Slippage refers to the tendency of prices to move against a trader’s actions as the trader absorbs liquidity — the larger the trade, the greater the slippage. CFMMs incur large slippage costs and are thus better for smaller order sizes.
Adding liquidity to a CFMM is simple but comes with some complex financial risks (impermanent loss, short volatility, long volatility/volume correlation, etc.).
For example, the Uniswap payoff curve is concave, meaning that liquidity providers are profitable within a certain price bound and will lose money in large price movements:
Ideally, we want “convexity” when taking risk, which means having upside on both sides of the risk spectrum. This payoff structure suggests that liquidity providers should be actively monitoring changes in the liquidity pool and acting on changes quickly to prevent significant losses.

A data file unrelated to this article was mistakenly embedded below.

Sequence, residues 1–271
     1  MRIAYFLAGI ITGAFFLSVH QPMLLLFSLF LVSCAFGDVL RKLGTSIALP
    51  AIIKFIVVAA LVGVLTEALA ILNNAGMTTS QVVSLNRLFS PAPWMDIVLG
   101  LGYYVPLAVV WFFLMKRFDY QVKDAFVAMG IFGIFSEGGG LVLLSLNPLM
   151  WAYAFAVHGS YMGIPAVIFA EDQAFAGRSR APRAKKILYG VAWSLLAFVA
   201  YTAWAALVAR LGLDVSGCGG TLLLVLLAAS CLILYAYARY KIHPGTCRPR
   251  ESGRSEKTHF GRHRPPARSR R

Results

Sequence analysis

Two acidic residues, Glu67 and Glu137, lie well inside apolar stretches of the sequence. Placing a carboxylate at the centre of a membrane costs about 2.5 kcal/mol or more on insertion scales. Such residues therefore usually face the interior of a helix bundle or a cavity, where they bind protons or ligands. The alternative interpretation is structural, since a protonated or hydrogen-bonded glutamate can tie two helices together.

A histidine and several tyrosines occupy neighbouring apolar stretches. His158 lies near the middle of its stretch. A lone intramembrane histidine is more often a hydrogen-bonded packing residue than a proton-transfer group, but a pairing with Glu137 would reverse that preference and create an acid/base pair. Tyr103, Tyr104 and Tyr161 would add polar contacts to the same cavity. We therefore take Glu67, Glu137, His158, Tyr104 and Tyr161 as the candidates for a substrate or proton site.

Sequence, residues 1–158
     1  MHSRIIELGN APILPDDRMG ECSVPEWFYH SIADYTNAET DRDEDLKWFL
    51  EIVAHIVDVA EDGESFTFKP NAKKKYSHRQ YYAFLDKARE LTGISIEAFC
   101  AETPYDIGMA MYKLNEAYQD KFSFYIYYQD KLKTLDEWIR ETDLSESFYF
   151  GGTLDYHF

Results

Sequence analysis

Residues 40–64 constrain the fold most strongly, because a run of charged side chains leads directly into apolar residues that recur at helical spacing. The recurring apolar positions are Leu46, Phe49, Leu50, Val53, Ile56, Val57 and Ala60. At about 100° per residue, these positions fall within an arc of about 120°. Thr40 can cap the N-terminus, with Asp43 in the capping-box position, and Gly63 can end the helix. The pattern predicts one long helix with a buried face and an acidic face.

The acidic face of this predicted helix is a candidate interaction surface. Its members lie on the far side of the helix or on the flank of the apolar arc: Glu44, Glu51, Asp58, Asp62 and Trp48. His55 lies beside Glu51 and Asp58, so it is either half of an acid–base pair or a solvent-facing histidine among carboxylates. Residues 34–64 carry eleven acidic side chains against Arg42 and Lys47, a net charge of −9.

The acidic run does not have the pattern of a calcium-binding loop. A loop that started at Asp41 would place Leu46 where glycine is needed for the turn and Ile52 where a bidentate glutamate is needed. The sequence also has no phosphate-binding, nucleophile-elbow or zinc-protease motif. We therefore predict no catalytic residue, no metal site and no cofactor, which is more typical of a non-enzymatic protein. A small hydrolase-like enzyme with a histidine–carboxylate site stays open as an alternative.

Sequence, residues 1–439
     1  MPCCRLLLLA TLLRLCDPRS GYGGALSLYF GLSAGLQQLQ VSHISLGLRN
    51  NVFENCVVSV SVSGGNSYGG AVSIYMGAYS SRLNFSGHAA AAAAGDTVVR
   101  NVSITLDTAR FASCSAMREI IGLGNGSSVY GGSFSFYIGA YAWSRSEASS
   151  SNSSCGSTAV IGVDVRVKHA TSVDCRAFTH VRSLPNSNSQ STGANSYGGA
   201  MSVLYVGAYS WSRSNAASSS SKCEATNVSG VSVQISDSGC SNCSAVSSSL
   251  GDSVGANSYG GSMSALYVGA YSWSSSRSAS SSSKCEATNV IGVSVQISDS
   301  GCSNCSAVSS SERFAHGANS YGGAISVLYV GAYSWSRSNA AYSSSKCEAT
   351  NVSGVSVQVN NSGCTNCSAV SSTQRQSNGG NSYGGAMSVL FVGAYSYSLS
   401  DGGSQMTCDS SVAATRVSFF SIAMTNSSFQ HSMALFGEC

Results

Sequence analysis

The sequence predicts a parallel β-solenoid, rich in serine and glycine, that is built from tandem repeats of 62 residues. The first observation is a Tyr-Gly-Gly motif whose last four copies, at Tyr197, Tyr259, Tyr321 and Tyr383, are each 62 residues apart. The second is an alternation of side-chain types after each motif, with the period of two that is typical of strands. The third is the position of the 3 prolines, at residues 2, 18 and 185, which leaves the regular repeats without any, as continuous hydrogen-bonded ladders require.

Ed: this is a crucial point. This setup is basically risk-on. As volatility increases in the market risk of loss goes up for liquidity providers => people remove funds from pool => reduced liquidity => more volatility. This could potentially be a vicious cycle.
This whole section may point to reasons why traditional exchanges have never used AMMs. After all, it is not like AMMs are super sophisticated or complex - there is surely a reason why people haven't done this a lot before. And i suspect there are some very good ones!